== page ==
While The Biggest Loser, the Paleo Diet, MyFitnessPal apps, the Glycemic Index, and the Flexitarian Diet are among the latest diet crazes, it may well be the widespread movement to manage weight by simply eating healthier that holds the most potential for food and beverage marketers. Emerging interest in improving muscle/body tone, naturally curbing cravings/appetite, and managing health conditions/risk factors through weight loss are among the new weight-directed opportunities gaining attention.
2014 statistics from the American Heart Assn. confirm that over 155 million adults and 24 million children are overweight or obese. It’s no wonder that sales of foods and beverages to promote weight loss are projected to reach $32.8 billion by 2017, up from $29.4 billion in 2012, according to Packaged Facts’ 2013 report Weight Loss in the U.S. According to HealthFocus data, 67% of U.S. consumers say that weight/body image affects their food purchases.
Just over half (56%) of adults tried to lose and 27% worked to maintain weight in 2013, according to the International Food Information Council’s (IFIC) Food & Health Survey. Baby boomers ages 45–64 are the most likely to be trying to lose; those ages 65+ are most likely to be focused on maintaining weight, reports Packaged Facts.
How much do dieters want to lose? According to Mintel, 25% would like to lose 10–19 pounds, 31% want to shed 20–49 pounds, and 20% have a weight-loss goal of 50 pounds or more.
Restricting calories/eating less remains the most common approach, adopted by 69% of dieters, followed by eating/drinking healthy foods or foods with health benefits (e.g., following the Mediterranean Diet), explains Mintel. While Weight Watchers is America’s most popular diet plan, a generic high protein/low carb diet is second, according to Consumer Reports’ 2013 Rate the Diet Plan Survey.
Seven in 10 dieters think that protein is important when dieting, according to Gallup data, and two-thirds of dieters try to include plenty of fiber in their diet, Mintel reports. Globally, ingredients trending upward to support weight-control claims include the B vitamins, vitamin D, milk protein, inulin, conjac, calcium, and green tea.
Sales of weight-loss meal replacements—bars, beverages, and candy—are projected to rise from $4.2 billion in 2012 to $4.9 billion in 2017, per Packaged Facts. Bars remain the largest meal replacement sector, and high fiber and high protein are the top two consumer criteria for weight-loss bars, according to Mintel’s 2013 Nutritional Food & Drink in the U.S. report. Sales of diet carbonated soft drinks fell 6% in 2013, according to Nielsen, as dieters moved to flavored and sparkling no-/low-calorie waters. In addition, according to Mintel, 55% of those dieting prefer to eat foods without artificial additives vs 46% of the general population with this preference. No-/low-/reduced-calorie and slimming claims rose significantly in North America in the alcoholic drink sector.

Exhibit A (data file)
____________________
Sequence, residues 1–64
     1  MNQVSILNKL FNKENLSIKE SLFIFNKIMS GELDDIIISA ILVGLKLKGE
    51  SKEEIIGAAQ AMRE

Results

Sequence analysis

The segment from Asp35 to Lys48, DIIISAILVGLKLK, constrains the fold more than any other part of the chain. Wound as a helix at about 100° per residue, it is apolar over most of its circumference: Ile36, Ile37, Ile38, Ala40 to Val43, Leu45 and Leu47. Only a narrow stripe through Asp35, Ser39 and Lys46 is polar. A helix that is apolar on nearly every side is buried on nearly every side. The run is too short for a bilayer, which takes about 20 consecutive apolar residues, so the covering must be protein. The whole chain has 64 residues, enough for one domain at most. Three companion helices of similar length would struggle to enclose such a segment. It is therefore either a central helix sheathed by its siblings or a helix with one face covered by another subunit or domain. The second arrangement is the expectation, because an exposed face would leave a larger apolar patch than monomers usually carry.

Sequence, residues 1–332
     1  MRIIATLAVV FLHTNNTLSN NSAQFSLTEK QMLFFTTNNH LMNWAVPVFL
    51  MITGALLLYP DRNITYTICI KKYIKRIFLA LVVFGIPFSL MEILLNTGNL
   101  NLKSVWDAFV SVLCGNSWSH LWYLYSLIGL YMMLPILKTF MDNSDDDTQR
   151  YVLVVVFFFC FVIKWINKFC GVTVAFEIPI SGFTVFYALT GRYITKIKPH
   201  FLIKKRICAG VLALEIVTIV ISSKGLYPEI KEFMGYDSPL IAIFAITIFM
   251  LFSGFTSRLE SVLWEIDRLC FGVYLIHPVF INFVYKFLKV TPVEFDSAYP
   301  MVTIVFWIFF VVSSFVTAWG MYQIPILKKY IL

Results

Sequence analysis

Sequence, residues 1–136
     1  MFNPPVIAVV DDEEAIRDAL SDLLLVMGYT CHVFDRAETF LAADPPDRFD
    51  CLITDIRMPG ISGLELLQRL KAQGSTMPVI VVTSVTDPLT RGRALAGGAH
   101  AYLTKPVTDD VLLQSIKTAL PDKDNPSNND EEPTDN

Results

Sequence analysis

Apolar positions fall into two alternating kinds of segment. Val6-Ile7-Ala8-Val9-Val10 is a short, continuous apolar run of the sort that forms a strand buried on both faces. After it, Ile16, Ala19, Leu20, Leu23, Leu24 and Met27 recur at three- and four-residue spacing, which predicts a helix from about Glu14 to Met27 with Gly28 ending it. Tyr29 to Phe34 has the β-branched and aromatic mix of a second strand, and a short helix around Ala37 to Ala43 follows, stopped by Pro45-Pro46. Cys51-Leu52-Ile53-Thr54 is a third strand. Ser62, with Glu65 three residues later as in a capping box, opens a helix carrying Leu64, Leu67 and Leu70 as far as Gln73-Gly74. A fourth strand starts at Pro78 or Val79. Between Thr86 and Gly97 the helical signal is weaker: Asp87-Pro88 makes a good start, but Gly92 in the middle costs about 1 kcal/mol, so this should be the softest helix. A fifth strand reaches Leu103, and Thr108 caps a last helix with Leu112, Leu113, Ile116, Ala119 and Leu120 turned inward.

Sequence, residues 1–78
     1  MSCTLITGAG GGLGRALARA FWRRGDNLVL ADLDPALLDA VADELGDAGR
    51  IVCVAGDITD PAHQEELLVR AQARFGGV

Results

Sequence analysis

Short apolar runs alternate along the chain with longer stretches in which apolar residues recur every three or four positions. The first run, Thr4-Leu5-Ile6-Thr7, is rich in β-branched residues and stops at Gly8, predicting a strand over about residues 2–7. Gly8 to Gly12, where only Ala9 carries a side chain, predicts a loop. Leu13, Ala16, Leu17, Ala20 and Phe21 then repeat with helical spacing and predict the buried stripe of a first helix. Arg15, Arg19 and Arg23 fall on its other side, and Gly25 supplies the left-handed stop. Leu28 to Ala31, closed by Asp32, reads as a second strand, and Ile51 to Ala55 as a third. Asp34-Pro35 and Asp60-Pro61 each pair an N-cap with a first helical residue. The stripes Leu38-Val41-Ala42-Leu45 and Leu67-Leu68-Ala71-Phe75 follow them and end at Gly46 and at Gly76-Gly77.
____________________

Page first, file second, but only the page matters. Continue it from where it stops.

Packaged Facts reports that dieters say breakfast is their most important meal. With recent research indicating that a moderate intake of protein (20–30 g) throughout the day optimizes weight and muscle, high-protein breakfast foods will reach superstar status for dieters.
Foods that offer greater satiety are gaining in popularity. Gallup reports that, after water, fiber and protein are the two most-recognized ingredients for satiety.
Interest in body toning, sculpting, and building lean muscle mass is crossing over into the mass market from the sports nutrition sector. Consumers are paying more attention to muscle tone, body composition, and body fat, which means that products that address these areas of interest represent fast-accelerating mass market opportunities, according to Sloan Trends’ TrendSense™ predictive model. Very low calorie diets and medically supervised diets (e.g., Medifast) may appeal to significant numbers of consumers seeking to lose weight. Weight management is the driving force for recent interest in blood sugar control, according to Sloan Trends’ TrendSense™ model. Curbing cravings and the sustainable energy achieved through blood sugar control are also of benefit to dieters. The Glycemic Index, currently featured in the Nutrisystem diet plan, reached mass market awareness levels in 2013, and there is potential for product developers and marketers to capitalize on that awareness.
Also noteworthy is the fact that much of dieting is health-directed. One-third of those who are trying/have tried to lose weight have done so to lower blood pressure; among those ages 55+, the total increases to half. One-quarter dieted to prevent/control diabetes, and the same percentage did so because of concerns about heart disease.
A. Elizabeth Sloan
, Contributing Editor
President, Sloan Trends Inc., Escondido, Calif.